Fused switches are devices used to ensure that a circuit is completely powered down in order for it to be serviced or maintained. They isolate a given part of the circuit by cutting off its electrical supply, making it safe for service or maintenance. You can find out more in our complete guide to isolators and switch disconnectors.
Fused switches contain multiple fuses inside the same enclosure so that it is easy to select and isolate a particular part of the circuit. For example, an isolator switch can be used in a substation to physically disconnect any circuit when repairs are being carried out.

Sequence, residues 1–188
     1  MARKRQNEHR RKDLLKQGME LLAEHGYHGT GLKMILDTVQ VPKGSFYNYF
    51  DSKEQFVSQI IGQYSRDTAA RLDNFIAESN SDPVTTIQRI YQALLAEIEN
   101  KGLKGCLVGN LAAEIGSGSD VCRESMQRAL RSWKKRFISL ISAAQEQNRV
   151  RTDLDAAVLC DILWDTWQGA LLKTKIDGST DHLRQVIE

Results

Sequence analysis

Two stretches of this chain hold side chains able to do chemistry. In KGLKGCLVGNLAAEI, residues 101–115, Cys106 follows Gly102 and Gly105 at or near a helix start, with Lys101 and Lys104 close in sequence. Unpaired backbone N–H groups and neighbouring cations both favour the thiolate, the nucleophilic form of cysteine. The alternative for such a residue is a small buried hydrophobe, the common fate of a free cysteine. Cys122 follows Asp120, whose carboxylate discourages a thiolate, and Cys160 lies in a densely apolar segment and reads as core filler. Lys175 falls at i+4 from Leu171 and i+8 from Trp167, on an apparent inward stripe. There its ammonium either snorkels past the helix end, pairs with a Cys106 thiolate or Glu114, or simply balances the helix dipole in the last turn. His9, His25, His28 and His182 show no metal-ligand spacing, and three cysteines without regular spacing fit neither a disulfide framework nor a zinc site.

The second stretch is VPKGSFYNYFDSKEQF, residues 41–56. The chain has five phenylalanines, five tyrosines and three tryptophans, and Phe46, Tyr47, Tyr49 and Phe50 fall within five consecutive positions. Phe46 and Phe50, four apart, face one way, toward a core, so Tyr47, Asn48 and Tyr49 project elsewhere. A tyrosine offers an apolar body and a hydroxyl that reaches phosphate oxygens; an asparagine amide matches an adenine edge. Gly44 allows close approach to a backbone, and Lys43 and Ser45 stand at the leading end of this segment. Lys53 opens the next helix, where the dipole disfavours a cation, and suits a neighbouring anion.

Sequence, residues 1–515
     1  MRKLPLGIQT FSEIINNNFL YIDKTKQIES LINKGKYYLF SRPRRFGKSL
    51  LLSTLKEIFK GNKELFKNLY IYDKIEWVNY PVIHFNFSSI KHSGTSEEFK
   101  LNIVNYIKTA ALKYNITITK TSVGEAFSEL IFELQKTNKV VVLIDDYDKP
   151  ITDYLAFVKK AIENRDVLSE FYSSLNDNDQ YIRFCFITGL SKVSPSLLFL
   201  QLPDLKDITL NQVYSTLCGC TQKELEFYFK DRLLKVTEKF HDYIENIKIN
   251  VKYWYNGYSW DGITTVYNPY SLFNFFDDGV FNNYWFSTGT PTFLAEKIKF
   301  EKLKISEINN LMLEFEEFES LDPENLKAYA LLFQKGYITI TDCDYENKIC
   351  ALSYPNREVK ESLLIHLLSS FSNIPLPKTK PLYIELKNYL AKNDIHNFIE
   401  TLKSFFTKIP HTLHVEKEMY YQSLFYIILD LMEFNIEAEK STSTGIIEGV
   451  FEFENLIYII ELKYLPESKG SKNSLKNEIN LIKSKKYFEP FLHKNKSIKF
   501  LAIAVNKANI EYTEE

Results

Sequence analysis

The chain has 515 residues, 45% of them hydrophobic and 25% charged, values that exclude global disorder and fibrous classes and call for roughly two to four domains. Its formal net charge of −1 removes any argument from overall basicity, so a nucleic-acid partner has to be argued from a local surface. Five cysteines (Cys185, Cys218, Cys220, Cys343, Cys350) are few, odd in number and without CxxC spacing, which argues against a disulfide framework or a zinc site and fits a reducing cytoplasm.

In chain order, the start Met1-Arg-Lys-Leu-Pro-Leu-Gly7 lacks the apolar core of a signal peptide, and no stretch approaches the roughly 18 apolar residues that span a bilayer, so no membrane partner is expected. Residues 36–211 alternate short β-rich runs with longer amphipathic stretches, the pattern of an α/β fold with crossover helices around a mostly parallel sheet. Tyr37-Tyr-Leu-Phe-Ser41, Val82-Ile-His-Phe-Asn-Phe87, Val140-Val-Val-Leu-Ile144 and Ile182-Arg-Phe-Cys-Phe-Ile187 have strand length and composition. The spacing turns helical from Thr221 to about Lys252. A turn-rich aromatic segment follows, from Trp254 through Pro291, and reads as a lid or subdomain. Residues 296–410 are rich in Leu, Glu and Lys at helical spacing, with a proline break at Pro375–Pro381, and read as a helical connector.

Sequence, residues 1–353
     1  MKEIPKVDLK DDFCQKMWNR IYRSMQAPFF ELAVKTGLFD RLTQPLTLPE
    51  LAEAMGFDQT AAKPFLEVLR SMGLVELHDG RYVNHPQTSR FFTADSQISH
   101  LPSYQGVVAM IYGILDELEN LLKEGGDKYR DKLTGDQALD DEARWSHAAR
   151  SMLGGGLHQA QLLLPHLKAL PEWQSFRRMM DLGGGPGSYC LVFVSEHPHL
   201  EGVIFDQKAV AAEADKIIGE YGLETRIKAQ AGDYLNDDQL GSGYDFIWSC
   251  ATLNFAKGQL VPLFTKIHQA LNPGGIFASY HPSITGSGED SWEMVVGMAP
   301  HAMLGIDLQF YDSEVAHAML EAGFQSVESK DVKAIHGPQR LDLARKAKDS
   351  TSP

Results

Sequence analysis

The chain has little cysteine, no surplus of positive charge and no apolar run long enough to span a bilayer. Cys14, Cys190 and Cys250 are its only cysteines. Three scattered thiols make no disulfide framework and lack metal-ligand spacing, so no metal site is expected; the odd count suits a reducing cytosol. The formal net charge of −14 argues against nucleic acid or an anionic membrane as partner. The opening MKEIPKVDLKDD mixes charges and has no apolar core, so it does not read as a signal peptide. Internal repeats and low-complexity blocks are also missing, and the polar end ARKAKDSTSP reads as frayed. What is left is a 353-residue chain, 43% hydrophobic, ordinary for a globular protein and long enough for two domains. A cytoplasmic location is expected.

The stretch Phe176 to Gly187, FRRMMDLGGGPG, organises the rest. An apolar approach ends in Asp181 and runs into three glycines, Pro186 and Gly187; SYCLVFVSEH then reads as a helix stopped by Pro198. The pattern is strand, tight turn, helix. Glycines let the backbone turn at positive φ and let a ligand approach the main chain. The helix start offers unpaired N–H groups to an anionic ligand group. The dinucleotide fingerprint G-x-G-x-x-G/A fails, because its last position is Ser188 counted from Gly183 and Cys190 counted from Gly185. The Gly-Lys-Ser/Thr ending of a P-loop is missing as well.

Fused switches protect workers performing maintenance on part of an electrical circuit as well as preventing damage to the circuit itself. The advantage of using a fused switch over a non-fused switch is that it can provide a higher level of safety compared with unfused disconnectors, as the fuse blows in the event of breaches such as short circuits or overcurrent. This makes it certain that that part of the circuit cannot have current flowing through it while being worked on.
Fused switches mainly differ depending on the type of fuses they house, the number of poles they have, and the terminal type.